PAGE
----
Saudi king intervenes for jailed nurses

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The Independent Online
THE Saudi Arabian royal family has taken personal control over the fates of two British nurses facing murder charges so it can avoid losing face while allowing them to return home.

Lawyers for Lucille McLauchlan and Deborah Parry expect the women to be freed "very soon" as a result of moves that will allow a humanitarian intervention by King Fahd.

The Independent has learned that responsibility for the case against the women was taken away from the court of cassation three weeks ago and handed over to the ministry of the interior, headed by the king's brother, Prince Naif bin Abdul-Aziz.

He will make a recommendation to King Fahd which is expected to be favourable. Because the prisoners are women, because no other Saudis were involved in the case and because the matter is diplomatically sensitive, it is understood that the prince's recommendation will be for the women's sentences to be fixed at about the amount of time they have already served.

They are accused of murdering Yvonne Gilford, 55, an Australian colleague, at the King Fahd Military Medical Centre in Dammam in December 1996. They have always protested their innocence. The court found Ms McLauchlan, 32, guilty and sentenced her to eight years in prison and 500 lashes but no verdict has yet been passed on Ms Parry, 40. Under Saudi law, they could have been beheaded.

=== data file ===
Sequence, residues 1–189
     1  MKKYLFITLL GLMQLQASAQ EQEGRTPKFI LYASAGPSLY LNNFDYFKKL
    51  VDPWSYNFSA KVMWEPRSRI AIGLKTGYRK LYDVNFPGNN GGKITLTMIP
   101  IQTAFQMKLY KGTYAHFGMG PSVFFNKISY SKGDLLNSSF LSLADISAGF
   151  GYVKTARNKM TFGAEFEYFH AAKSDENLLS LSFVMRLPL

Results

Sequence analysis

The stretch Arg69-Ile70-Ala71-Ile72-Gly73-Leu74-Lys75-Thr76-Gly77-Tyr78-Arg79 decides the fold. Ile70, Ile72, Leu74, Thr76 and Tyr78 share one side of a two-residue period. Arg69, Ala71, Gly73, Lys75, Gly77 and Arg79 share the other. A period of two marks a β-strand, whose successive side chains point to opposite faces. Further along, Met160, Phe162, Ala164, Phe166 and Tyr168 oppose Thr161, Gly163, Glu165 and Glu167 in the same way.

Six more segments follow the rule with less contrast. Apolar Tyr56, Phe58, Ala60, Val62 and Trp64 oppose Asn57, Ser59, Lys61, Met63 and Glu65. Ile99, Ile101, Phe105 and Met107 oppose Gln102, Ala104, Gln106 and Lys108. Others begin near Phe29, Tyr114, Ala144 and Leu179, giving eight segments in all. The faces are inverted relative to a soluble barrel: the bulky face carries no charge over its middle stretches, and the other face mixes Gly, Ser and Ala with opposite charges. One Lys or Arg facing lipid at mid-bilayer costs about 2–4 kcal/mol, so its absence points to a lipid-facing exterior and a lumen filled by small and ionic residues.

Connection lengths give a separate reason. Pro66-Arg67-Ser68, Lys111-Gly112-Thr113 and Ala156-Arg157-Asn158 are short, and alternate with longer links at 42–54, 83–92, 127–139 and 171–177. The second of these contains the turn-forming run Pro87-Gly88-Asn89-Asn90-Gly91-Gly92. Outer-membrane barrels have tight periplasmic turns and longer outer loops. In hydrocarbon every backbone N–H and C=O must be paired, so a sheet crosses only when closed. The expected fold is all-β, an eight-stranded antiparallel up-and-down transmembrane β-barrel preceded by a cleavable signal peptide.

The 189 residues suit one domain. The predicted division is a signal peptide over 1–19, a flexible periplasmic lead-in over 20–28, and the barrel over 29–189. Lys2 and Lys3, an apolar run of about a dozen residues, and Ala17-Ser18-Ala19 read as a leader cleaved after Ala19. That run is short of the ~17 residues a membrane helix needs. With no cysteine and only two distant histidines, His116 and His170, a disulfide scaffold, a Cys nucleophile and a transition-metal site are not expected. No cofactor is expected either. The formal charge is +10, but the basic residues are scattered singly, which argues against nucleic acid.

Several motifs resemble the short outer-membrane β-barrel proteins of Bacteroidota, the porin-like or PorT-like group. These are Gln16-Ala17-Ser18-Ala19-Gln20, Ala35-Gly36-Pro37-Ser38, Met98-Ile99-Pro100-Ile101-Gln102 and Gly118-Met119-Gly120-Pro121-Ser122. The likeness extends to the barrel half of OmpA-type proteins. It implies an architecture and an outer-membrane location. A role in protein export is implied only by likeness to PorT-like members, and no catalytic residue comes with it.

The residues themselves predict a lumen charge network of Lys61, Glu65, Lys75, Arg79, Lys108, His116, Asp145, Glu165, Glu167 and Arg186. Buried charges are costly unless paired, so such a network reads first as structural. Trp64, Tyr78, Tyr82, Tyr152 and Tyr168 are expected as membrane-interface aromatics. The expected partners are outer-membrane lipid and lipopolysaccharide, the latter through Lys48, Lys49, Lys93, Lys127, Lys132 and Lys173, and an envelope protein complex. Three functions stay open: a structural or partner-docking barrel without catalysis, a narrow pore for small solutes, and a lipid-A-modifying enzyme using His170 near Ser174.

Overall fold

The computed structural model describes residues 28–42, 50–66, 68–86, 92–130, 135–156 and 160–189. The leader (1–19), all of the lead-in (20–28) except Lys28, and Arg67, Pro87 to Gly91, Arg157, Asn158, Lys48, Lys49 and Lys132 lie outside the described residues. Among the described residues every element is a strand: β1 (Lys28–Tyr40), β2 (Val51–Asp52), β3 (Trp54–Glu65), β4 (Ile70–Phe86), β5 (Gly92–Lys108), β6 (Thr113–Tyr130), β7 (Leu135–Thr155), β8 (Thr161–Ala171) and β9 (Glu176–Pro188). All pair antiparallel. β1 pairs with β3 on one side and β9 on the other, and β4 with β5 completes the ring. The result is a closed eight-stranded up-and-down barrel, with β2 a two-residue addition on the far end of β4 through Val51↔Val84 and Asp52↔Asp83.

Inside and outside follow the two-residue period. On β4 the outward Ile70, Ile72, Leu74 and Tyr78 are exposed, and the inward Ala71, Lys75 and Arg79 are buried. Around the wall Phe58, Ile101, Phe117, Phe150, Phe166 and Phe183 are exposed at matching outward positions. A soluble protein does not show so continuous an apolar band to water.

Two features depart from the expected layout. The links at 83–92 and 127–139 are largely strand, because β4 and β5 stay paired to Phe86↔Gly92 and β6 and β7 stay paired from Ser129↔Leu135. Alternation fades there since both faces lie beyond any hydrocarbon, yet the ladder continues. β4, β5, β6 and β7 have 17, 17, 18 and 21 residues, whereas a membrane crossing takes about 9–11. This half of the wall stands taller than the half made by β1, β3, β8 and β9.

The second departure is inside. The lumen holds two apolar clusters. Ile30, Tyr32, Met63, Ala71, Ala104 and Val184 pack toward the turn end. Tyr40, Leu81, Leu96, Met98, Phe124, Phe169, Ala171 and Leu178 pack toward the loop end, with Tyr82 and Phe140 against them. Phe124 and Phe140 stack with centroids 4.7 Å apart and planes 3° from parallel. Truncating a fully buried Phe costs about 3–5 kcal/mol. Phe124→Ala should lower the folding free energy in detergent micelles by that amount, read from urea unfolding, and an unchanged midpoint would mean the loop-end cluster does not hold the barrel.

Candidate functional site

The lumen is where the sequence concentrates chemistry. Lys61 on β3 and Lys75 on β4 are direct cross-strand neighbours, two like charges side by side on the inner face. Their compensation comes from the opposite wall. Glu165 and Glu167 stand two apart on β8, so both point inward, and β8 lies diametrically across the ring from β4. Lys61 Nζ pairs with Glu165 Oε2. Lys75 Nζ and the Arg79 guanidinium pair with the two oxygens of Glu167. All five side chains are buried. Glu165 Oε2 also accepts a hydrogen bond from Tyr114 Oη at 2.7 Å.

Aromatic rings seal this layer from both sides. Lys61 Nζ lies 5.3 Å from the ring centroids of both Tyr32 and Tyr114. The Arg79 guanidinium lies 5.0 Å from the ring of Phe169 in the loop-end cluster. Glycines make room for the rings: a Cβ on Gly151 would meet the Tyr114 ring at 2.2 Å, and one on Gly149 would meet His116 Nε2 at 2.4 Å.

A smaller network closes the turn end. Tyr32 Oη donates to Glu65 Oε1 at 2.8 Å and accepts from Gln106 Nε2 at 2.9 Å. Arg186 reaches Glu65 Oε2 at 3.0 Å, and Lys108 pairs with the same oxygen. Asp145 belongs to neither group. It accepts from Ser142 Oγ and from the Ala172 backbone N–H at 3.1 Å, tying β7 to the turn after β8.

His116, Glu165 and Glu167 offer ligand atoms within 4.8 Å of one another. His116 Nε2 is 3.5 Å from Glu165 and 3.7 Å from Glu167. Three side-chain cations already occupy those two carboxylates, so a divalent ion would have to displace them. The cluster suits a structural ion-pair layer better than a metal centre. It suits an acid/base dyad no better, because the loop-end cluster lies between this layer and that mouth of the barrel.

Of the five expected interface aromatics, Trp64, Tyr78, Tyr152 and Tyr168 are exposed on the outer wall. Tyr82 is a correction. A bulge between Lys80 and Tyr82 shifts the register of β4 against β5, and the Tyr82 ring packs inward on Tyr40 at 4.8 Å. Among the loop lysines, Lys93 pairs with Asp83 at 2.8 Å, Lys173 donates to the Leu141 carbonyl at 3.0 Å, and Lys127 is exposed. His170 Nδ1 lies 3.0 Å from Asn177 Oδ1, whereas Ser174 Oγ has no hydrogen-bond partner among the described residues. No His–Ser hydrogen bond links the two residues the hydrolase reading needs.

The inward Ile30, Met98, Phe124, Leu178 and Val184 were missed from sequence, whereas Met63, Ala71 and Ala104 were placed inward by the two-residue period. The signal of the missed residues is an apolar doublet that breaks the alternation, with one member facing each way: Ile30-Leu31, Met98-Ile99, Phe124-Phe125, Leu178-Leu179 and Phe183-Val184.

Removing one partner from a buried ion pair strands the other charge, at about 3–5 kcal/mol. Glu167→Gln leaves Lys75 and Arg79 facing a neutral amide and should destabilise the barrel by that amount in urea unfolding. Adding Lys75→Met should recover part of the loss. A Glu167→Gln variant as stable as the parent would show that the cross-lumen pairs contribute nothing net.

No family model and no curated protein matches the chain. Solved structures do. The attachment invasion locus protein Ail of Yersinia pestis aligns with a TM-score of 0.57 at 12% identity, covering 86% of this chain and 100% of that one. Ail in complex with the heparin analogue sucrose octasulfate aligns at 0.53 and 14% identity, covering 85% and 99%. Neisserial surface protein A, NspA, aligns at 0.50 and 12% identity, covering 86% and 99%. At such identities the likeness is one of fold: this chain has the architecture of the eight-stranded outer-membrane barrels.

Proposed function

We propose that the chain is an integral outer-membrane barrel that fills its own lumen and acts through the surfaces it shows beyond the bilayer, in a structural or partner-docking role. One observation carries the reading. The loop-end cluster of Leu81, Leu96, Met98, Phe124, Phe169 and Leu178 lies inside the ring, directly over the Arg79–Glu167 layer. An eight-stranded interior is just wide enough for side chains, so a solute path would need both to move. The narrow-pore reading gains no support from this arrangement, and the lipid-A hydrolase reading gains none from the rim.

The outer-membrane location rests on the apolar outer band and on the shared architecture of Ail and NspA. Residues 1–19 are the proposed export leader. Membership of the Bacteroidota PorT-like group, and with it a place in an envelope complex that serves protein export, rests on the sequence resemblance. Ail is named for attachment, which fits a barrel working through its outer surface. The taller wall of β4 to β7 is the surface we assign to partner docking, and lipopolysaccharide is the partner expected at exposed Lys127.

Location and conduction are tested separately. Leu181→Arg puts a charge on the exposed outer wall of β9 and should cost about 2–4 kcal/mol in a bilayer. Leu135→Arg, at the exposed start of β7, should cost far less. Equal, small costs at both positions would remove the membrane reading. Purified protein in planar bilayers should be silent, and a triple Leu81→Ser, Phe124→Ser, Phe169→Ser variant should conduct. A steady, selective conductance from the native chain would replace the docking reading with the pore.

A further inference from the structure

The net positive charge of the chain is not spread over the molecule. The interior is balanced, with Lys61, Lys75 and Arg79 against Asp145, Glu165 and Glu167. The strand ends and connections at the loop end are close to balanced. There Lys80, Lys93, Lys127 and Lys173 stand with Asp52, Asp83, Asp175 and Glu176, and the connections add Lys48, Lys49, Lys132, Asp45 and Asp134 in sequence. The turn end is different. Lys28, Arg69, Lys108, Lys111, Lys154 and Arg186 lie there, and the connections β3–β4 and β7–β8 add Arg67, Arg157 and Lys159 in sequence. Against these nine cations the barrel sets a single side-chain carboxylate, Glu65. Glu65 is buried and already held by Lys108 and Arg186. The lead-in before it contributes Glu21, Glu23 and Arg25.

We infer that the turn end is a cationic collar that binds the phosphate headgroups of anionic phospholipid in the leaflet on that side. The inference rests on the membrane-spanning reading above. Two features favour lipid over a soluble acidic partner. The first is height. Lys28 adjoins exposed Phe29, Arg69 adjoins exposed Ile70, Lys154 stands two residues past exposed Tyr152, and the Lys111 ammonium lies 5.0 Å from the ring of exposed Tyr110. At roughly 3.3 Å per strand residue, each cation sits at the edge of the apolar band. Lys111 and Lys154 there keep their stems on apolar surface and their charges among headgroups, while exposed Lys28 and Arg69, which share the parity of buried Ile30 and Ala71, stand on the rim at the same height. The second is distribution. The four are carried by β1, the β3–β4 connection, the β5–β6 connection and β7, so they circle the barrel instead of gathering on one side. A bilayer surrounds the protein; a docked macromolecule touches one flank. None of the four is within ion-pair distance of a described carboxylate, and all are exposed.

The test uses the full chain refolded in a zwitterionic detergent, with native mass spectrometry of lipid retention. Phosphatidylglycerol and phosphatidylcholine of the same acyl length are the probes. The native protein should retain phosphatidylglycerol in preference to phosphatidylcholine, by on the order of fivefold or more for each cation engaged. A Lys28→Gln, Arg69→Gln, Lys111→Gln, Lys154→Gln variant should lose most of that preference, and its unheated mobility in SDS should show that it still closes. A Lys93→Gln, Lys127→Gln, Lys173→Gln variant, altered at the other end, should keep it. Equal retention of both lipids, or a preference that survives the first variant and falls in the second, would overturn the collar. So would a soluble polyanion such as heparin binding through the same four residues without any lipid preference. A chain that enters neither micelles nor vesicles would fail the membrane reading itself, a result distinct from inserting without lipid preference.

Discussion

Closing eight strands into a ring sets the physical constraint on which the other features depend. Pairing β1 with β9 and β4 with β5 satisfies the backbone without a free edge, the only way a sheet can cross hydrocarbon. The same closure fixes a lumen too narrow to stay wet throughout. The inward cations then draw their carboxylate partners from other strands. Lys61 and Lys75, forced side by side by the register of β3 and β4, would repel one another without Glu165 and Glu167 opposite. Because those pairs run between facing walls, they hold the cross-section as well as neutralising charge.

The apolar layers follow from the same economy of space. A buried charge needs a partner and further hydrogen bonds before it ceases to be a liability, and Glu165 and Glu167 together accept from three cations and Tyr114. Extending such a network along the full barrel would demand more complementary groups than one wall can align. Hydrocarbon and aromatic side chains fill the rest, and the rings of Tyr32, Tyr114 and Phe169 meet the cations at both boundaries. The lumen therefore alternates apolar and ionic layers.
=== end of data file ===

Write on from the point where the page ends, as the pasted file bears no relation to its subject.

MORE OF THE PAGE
Responsibility for the case passed to the ministry of the interior because Ms Gilford's brother, Frank Gilford, signed a death penalty waiver on the promise of pounds 730,000 in "blood money". That took the matter away from the private domain of the families involved and into the public domain of the Saudi administration.

"That meant the case was passed to the ministry and it is being considered before a recommendation will be made to the highest authorities," said Salah al-Hejailan, the nurses' lawyer in Saudi Arabia.

"The maximum penalty the ministry could recommend would be five years but in this case it will be much less. I understand that because of the unusual circumstances of the case, because they are women, because Miss Parry is unwell and because no Saudis were involved, the sentence on both will be around one year. They will be going home very soon."

On Saturday, Grant Ferrie, who married Ms McLauchlan in prison last year, and Jonathan Ashbee, brother-in-law of Miss Parry, flew to Saudi. Last night, the women's families and British lawyers said they had heard nothing about them being sent home.

As reported in the Independent on Sunday, the expected conclusion of the affair has been achieved without paying the blood money to Mr Gilford. Mr Hejailan has refused to authorise its release, arguing that the amount is too high. Mr Gilford has offered to donate much of it to the building of a hospital department in his sister's name and expects to keep only pounds 50,000 for himself.

However, Mr Hejailan said he had told Mr Gilford he deserved only half of it. "I believe the other half should go to the welfare of the girls," he said.